An indirect approach is explored for structural health bridge monitoring allowing for wide, yet cost-effective, bridge stock coverage. The detection capability of the approach is tested in a laboratory setting for three different reversible proxy types of damage scenarios: changes in the support conditions (rotational restraint), additional damping, and an added mass at the midspan. A set of frequency features is used in conjunction with a support vector machine classifier on data measured from a passing vehicle at the wheel and suspension levels, and directly from the bridge structure for comparison. For each type of damage, four levels of severity were explored. The results show that for each damage type, the classification accuracy based on data measured from the passing vehicle is, on average, as good as or better than the classification accuracy based on data measured from the bridge. Classification accuracy showed a steady trend for low (1-1.75 m/s) and high vehicle speeds (2-2.75 m/s), with a decrease of about 7% for the latter. These results show promise towards a highly mobile structural health bridge monitoring system for wide and cost-effective bridge stock coverage.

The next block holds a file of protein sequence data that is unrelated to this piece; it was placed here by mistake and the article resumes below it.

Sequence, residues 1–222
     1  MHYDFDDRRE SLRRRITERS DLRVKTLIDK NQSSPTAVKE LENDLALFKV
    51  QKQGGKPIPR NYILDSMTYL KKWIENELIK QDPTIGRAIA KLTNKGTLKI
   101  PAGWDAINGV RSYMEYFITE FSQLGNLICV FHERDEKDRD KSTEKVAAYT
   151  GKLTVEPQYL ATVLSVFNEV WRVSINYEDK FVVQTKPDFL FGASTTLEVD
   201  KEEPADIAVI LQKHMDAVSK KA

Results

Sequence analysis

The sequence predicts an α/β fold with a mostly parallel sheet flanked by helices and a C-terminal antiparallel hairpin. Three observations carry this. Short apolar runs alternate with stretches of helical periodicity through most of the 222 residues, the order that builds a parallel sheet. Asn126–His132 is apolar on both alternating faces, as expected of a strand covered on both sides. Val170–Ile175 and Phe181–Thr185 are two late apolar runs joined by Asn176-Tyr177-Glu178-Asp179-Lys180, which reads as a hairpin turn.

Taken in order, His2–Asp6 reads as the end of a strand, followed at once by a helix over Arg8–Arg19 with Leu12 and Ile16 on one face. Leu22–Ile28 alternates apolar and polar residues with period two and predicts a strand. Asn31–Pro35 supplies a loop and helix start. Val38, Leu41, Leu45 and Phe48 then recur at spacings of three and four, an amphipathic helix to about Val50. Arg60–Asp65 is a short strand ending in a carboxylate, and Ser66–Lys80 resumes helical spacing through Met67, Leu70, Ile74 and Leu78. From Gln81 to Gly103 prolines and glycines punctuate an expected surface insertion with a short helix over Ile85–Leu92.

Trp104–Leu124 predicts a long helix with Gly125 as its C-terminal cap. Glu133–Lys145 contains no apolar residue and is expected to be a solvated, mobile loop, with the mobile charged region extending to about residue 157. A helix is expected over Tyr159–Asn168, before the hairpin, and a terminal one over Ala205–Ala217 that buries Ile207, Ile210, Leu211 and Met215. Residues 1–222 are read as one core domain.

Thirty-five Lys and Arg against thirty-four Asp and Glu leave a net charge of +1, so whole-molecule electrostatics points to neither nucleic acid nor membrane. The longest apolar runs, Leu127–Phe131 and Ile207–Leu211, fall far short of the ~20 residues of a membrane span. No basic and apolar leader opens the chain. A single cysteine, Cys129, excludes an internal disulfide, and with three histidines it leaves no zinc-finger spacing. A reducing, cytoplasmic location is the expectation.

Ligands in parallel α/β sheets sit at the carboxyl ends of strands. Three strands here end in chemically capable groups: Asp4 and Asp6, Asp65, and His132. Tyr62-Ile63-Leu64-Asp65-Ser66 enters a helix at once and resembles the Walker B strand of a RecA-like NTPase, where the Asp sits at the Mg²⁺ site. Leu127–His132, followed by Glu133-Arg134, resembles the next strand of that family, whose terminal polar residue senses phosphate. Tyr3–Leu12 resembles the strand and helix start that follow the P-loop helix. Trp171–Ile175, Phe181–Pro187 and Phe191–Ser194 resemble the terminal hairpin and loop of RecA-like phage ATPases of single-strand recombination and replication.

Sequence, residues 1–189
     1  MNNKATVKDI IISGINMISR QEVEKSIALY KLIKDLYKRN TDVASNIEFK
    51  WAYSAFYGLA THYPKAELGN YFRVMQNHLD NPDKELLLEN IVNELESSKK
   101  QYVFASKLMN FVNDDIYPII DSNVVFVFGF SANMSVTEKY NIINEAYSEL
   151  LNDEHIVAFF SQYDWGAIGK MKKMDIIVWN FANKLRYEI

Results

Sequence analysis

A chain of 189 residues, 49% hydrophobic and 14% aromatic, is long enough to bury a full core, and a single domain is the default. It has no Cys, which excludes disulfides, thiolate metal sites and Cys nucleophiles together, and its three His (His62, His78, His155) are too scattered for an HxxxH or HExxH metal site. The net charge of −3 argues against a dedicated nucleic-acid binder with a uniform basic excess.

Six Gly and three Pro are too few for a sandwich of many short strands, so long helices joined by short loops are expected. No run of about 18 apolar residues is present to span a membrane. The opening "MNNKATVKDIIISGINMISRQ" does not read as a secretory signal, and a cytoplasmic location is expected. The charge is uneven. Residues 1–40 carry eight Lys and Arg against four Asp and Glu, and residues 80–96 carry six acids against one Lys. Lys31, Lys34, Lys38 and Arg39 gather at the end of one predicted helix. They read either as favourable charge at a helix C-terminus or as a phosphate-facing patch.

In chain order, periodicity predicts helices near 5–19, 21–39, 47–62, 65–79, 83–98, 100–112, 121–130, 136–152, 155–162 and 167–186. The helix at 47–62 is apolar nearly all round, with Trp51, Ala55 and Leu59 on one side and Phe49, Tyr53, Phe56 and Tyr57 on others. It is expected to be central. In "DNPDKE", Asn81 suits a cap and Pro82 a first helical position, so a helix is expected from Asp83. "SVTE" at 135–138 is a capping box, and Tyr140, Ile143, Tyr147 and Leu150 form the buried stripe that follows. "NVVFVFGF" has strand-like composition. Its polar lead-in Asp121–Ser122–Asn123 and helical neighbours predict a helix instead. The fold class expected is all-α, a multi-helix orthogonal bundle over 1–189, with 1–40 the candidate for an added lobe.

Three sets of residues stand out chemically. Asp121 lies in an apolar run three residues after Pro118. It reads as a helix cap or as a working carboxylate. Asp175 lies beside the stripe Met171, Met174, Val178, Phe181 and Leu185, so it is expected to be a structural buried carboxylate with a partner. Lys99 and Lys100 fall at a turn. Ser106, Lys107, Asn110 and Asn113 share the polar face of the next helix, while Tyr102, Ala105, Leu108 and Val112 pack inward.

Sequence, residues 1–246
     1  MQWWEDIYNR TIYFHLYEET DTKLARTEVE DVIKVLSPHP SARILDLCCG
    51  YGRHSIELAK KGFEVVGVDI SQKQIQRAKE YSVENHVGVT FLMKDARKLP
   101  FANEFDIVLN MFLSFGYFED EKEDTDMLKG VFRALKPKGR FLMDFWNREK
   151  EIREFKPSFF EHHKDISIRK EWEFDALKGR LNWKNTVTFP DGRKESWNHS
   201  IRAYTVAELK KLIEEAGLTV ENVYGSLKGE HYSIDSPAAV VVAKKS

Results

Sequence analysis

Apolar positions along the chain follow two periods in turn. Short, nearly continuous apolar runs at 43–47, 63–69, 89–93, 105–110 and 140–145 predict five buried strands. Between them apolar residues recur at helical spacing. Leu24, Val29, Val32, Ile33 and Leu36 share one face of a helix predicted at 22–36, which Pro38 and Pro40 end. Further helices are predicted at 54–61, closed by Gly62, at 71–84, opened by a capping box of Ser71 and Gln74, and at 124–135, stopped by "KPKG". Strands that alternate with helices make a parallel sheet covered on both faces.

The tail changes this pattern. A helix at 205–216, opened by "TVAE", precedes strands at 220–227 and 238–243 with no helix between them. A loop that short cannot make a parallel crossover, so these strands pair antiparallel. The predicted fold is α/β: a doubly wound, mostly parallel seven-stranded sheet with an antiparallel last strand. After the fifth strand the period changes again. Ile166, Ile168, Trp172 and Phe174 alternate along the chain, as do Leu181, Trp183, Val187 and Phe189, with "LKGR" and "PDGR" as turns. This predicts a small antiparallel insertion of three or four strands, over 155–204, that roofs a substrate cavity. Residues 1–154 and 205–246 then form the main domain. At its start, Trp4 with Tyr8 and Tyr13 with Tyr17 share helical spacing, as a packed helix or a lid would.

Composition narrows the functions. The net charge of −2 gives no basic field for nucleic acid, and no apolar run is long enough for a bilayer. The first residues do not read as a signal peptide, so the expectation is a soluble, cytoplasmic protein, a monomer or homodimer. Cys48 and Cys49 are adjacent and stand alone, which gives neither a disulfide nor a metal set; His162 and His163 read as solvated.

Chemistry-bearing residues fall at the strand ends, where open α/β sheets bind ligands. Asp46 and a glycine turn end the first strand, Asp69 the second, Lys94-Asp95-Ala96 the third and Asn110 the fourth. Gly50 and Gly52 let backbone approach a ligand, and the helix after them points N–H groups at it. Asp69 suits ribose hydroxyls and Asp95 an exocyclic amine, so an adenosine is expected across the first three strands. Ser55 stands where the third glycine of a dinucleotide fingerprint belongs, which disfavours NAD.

- Damage detection
- Indirect SHM
- Laboratory experiment
ASJC Scopus subject areas
- Control and Systems Engineering
- Computer Science Applications
- Electrical and Electronic Engineering